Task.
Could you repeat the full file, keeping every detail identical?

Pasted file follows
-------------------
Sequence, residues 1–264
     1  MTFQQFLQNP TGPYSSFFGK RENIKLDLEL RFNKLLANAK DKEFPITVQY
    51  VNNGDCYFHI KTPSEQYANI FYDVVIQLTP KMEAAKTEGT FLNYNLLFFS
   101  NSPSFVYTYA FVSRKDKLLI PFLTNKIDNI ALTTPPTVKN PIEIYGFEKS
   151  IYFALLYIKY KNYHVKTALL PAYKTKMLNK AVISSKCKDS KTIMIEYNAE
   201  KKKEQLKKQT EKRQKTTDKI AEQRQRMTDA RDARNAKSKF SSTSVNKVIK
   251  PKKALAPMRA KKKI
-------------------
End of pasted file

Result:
Sequence, residues 1–264
     1  MTFQQFLQNP TGPYSSFFGK RENIKLDLEL RFNKLLANAK DKEFPITVQY
    51  VNNGDCYFHI KTPSEQYANI FYDVVIQLTP KMEAAKTEGT FLNYNLLFFS
   101  NSPSFVYTYA FVSRKDKLLI PFLTNKIDNI ALTTPPTVKN PIEIYGFEKS
   151  IYFALLYIKY KNYHVKTALL PAYKTKMLNK AVISSKCKDS KTIMIEYNAE
   201  KKKEQLKKQT EKRQKTTDKI AEQRQRMTDA RDARNAKSKF SSTSVNKVIK
   251  PKKALAPMRA KKKI